Do you use a mantra when you run? I don’t. On an ideal run, my mind is blank. For those Harry Potter fans out there (and no spoilers please, I’m on Book 6), I think I may have a knack for Occlumency, that’s how empty my head is when I run (at least when I’m lucky).
But I know other people who use motivational phrases to keep themselves positive during a grueling workout. An NBC affiliate in Chicago has 26 suggested mantras (one per mile, as it were) in advance of the nearing Chicago Marathon. Has anyone tried something like this? Does it work? How do you possibly remember 26 lines while you’re running?
Here’s last week workouts:
Marathon training makes you do crazy things.
I’m headed to a wedding in Bermuda this weekend. I heard it’s pretty impossible to do a long run outside in Bermuda because the roads have no shoulder. In order to stay on track with my training plan I decided to run 10 miles before work on Thursday. Maybe you’re an early riser and this isn’t a wackadoo concept to you. But for me, waking up at 5:30am to do anything other than catch a flight is either a miracle or a mistake. This is my story.
Thoughts by mile, start time: 5:55am.
This is the route of the run so you can follow along. Yes I did run through water. There is a lot you don’t know about me.
I was not compensated for this post, but I did receive a complimentary session at the Urban Wellness Clinic. All opinions and most jokes are my own.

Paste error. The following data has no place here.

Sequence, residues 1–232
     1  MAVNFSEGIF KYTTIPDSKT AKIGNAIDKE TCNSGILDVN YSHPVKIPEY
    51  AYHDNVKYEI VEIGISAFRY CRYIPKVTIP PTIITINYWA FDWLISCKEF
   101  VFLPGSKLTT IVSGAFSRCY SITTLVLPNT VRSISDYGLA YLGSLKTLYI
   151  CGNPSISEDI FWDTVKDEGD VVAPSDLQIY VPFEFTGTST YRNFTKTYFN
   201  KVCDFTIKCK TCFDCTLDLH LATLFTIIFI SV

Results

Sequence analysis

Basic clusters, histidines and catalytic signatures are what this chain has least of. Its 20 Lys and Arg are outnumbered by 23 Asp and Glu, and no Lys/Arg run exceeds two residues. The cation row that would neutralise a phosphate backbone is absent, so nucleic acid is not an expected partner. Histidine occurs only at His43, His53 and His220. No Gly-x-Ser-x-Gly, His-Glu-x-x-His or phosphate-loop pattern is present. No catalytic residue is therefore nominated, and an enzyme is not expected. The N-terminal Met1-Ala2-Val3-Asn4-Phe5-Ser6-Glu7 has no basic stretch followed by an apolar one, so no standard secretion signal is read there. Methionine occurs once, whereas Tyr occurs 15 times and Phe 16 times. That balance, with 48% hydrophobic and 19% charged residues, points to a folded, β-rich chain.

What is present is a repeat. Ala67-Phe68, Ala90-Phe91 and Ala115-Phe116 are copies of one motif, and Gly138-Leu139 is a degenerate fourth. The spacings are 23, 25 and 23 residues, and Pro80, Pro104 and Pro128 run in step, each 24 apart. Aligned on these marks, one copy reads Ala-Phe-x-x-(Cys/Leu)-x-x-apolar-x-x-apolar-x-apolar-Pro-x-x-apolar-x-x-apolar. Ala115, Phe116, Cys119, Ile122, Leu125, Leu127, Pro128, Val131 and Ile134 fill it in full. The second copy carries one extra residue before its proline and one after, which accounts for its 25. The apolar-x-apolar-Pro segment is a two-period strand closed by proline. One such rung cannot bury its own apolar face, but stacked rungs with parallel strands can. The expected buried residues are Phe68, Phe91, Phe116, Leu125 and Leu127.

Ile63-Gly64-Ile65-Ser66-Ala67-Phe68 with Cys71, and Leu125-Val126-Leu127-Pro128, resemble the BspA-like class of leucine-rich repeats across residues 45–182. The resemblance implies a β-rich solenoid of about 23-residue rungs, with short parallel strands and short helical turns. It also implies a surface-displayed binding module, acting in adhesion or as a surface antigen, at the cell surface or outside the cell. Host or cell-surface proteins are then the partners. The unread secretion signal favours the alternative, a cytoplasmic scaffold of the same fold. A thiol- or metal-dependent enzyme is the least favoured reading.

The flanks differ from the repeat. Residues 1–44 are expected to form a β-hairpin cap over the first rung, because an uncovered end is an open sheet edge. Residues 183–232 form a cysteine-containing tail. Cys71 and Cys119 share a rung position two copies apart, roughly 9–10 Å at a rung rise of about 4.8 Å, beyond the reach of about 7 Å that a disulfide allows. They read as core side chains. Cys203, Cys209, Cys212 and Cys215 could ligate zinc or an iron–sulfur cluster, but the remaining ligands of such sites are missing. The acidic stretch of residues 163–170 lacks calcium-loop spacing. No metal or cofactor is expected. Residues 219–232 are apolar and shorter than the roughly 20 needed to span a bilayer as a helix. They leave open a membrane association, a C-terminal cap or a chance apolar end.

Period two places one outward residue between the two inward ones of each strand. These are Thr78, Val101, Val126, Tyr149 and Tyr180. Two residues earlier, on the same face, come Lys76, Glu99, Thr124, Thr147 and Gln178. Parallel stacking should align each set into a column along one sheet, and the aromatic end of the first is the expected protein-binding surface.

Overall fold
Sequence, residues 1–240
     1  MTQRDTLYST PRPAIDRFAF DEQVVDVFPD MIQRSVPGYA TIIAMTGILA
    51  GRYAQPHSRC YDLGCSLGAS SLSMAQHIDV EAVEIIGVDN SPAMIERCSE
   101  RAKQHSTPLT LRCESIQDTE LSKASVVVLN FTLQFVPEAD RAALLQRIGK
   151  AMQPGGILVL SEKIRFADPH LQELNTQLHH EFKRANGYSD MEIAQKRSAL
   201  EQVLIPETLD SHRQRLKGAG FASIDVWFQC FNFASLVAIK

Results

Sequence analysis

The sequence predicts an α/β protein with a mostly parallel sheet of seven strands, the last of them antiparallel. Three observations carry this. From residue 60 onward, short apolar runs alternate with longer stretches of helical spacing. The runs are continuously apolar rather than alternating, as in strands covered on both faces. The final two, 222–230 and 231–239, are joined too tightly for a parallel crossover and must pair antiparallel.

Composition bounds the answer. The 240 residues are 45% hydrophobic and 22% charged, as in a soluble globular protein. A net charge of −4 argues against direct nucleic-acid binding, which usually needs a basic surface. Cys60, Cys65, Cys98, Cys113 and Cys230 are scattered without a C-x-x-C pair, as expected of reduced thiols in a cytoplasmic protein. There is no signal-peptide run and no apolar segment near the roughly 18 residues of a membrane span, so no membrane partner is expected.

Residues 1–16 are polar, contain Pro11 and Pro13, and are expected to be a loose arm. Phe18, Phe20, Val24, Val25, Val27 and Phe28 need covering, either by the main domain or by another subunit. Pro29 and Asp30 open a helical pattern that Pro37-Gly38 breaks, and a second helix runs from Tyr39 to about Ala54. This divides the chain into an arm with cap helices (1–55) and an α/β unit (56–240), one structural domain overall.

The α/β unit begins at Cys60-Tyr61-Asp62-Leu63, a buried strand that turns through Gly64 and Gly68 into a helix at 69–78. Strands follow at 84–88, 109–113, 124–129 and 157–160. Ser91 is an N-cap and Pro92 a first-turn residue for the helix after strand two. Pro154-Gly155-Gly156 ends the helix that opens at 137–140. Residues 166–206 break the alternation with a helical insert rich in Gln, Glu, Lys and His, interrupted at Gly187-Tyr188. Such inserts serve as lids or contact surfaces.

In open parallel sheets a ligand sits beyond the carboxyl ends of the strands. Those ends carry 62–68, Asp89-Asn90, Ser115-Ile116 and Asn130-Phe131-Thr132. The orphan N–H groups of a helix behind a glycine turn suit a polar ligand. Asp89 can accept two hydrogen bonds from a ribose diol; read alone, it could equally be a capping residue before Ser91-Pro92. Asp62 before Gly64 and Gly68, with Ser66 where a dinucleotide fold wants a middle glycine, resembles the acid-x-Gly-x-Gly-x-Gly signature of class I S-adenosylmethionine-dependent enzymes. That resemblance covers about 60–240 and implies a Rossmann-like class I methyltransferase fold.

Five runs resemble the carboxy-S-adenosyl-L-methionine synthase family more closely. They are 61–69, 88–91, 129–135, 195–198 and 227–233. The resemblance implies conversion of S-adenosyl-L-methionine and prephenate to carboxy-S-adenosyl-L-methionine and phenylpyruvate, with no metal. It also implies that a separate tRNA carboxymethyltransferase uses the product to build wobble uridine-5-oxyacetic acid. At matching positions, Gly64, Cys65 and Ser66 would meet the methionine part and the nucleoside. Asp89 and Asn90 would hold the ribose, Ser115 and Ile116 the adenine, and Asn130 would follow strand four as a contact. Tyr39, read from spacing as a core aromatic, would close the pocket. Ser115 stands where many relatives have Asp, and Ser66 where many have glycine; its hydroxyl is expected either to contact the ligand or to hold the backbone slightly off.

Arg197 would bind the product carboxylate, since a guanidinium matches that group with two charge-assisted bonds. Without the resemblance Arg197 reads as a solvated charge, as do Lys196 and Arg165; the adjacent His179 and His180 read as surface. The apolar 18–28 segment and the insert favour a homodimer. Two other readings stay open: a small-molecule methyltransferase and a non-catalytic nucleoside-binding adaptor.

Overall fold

A month ago, the lovely folks at the Urban Wellness Clinic reached out and invited me to meet with Dr. Emily Kiberd, a New York City-based chiropractor and luxury wellness media expert in pain management and movement therapy.
I did a little research and learned that Urban Wellness Clinic is a sought after wellness center located in the building above Quality Italian (57th and 6th Ave), you know the place with the famed chicken parm pizza? Personally, I think it’s much too salty, but that’s commentary for a different venue.
Anyway, people seem to love Urban Wellness Clinic. Just check out their endless stream of 5-star Yelp reviews. Dr. Kiberd works with a number of New York Athletic Club athletes and Olympic hopefuls. So sure, yes, I would love to check this place out.
There is some real absentee blogger shit happening here.
Sorry guys. I had a crazy week. But I wanted to pop in to give a little update.
First, I lost my sneakers and with them my custom orthotics. I took an early morning class at the new Barry’s Bootcamp location (27th and Park). The class is hard but the real barbaric stuff happens in the locker room. After class, I raced to the locker room to shower. I kicked off my shoes and put them under the sinks to quickly get in line for the showers (because there is always a line, even if it’s a brand new studio with 6 showers).
Treadmills just don’t do it for me. I like running because it makes me feel athletic, happy and free. Running in place feels wrong. It’s a cruel joke to exert so much energy and go literally nowhere.
What sounds more like a human science experiment than a room full of people sweating and heaving on treadmills?
Despite my anti-‘mill stance, I love Mile High Run Club. For those unfamiliar, Mile High Run Club is New York’s first indoor-running training program, and yes they use treadmills. Think SoulCycle but swap the bikes for the real mental toughness machines.